Why Solar Power Won’t Work in Kuwait

Post by Mark

Was watching a video on BBC on How plants can lessen the impact of dust storms in Kuwait when I spotted the scene pictured above. Too bad Kuwait canceled its plans for a nuclear power plant…


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31 comments, add your own...


  1. Zero says:

    Panels in kuwait actually work just fine and they’re actually quite effective but regardless of weather conditions they would have to be cleaned about an average of 5-7 times a year. I did some research for a project with KISR and KFAS on PV technology adoption and implementation and i suppose that’s how i know.

  2. Zero says:

    To add to that, they actually still work even when they’re covered in dust they just don’t produce energy as effeciently.

  3. Munawar Ebrahim says:

    Abu Dhabi is building (already built maybe) state of the art Solar energy farm in the region. Its climate is more or less the same as Kuwait. Focus on the greater good than shying away from little housekeeping.

    • Mark says:

      Yeah but the largest solar farm in the world would only supply 3% of kuwait power needs. Nuclear would supply 60%.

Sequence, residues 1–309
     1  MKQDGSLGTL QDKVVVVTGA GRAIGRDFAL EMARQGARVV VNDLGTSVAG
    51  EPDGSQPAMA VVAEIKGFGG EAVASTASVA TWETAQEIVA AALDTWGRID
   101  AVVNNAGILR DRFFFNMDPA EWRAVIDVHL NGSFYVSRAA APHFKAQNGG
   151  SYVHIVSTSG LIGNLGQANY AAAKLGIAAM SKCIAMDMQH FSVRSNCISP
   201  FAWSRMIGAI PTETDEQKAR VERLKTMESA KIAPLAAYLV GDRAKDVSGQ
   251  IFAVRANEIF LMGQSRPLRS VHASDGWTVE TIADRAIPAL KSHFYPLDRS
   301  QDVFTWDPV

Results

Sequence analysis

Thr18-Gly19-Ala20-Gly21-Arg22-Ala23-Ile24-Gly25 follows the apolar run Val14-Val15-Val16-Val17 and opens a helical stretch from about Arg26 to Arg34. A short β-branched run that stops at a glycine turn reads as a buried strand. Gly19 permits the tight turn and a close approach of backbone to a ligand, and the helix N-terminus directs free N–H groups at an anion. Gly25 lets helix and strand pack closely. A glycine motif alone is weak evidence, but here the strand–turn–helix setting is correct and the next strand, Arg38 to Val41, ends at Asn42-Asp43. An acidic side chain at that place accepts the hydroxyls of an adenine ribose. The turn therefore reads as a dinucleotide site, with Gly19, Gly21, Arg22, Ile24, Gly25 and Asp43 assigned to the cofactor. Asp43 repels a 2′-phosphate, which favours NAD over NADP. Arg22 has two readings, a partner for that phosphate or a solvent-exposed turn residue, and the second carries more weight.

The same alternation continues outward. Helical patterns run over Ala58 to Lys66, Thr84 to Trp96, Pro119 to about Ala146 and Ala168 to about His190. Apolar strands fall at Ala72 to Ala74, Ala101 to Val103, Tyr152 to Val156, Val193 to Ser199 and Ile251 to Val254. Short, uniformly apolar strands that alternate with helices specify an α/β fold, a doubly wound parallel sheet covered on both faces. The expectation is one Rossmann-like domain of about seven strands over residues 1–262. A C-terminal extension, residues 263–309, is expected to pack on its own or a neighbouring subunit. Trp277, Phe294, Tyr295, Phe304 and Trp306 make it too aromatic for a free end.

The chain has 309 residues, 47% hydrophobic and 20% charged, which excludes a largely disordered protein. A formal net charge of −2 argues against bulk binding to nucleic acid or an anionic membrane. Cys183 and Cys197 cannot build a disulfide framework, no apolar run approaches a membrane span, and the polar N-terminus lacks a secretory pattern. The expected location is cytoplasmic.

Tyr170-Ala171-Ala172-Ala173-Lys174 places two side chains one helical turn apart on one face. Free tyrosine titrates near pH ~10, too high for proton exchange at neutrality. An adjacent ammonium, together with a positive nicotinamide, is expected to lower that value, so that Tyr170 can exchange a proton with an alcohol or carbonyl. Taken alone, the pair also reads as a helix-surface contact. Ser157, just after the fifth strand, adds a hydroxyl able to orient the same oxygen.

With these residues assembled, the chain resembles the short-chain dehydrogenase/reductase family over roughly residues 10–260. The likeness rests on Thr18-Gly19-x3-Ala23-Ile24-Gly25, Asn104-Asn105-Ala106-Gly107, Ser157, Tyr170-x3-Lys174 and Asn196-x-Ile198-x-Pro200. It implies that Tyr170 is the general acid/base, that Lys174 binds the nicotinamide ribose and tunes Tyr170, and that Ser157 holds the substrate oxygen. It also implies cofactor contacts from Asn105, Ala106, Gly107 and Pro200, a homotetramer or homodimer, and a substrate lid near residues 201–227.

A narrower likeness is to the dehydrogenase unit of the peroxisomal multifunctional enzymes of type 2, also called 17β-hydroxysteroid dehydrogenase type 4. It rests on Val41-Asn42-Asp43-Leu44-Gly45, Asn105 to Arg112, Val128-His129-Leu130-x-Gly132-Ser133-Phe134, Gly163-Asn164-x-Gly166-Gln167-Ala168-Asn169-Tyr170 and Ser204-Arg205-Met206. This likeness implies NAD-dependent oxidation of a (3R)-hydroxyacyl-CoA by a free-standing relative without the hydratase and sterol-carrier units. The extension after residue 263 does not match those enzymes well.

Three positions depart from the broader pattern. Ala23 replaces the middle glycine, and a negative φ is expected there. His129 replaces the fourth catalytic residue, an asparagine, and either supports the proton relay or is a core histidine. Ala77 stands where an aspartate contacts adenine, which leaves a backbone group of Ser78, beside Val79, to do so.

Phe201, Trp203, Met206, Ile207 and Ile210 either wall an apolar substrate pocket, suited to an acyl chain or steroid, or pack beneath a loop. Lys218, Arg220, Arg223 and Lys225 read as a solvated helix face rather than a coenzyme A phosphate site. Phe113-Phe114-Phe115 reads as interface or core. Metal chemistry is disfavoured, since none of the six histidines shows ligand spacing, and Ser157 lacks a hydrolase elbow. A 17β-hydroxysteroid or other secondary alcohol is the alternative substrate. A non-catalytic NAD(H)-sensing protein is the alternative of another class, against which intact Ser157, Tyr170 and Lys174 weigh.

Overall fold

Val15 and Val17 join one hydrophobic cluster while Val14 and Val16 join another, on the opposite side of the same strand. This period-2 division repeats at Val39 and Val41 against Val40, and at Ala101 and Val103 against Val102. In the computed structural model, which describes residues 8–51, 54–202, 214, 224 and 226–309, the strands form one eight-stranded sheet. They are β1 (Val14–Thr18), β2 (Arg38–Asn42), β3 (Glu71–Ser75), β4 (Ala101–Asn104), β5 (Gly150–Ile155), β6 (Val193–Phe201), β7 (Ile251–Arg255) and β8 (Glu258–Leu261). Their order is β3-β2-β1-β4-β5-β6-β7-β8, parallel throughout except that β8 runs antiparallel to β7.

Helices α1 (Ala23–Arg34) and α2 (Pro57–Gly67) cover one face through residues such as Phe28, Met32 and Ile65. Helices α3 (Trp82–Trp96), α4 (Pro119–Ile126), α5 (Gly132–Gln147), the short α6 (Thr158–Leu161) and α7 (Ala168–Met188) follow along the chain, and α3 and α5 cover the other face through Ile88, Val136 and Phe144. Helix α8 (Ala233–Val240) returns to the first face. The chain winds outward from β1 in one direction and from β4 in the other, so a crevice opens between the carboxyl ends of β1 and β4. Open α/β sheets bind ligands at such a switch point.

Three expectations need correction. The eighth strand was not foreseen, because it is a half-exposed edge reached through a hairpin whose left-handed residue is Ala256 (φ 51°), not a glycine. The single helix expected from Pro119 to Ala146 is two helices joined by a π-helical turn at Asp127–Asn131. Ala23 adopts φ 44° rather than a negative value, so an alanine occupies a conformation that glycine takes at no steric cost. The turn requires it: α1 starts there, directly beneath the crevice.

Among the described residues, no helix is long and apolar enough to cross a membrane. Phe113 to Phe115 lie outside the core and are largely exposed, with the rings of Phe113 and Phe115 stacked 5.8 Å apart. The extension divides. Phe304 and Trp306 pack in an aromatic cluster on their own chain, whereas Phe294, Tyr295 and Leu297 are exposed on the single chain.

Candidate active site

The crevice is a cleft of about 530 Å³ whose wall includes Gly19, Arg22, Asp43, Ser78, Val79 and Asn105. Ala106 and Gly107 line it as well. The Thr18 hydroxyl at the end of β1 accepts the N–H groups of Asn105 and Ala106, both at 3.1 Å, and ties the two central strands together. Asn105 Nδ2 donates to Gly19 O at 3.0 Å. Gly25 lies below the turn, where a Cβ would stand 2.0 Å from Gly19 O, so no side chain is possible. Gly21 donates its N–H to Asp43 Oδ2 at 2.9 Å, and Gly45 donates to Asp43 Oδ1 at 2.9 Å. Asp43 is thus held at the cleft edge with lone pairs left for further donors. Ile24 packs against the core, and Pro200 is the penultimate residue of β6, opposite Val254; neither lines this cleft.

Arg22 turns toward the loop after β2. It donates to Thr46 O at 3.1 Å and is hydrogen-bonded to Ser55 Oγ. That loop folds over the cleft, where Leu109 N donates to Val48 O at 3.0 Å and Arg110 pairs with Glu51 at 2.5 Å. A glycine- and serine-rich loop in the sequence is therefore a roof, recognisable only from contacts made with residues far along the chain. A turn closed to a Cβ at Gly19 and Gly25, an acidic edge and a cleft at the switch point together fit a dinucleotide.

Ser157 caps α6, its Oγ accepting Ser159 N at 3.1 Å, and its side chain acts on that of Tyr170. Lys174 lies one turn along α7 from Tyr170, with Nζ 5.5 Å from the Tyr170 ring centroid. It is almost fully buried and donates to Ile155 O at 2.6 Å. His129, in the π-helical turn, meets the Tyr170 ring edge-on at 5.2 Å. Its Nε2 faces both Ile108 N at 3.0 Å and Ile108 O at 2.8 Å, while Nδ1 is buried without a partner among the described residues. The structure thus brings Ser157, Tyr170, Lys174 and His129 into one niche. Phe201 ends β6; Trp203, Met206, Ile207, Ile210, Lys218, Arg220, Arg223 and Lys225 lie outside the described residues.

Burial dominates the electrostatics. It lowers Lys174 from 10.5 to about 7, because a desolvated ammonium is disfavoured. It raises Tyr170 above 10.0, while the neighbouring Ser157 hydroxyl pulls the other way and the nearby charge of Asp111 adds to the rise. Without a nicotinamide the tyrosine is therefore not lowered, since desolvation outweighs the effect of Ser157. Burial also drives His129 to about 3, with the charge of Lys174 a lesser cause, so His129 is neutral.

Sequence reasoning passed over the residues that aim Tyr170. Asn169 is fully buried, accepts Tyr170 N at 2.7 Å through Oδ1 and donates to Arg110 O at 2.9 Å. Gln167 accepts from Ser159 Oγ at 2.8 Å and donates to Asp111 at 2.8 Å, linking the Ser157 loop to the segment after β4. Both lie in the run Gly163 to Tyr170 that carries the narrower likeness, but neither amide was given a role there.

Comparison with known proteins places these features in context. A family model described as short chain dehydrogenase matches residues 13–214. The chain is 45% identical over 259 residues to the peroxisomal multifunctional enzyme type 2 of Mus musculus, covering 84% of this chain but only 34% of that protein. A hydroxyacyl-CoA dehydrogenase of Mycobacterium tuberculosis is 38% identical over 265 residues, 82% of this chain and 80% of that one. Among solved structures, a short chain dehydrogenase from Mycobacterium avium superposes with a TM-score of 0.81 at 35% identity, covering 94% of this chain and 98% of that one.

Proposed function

• Rastapopoulus says:

        Would you trust the Kuwait ministries with a nuclear plant?

      • GoogleIt says:

        I’ve studied it in the uni, they’re afraid because kuwait is simply too small for a nuclear station. Putting nuclear waste aside, if a catastrophe happens it’d hit the whole country and might even reach some areas and parts of Saudi Arabia.

      • Yousef says:

        Today in the New York Times:

        Struggling With Japan’s Nuclear Waste, Six Years After Disaster

        https://www.nytimes.com/2017/03/11/world/asia/struggling-with-japans-nuclear-waste-six-years-after-disaster.html?smprod=nytcore-iphone&smid=nytcore-iphone-share

        Japanese officials wrestle with what to do with the ever-growing pile of radioactive waste at Fukushima Daiichi nuclear power station, six years after the accident there.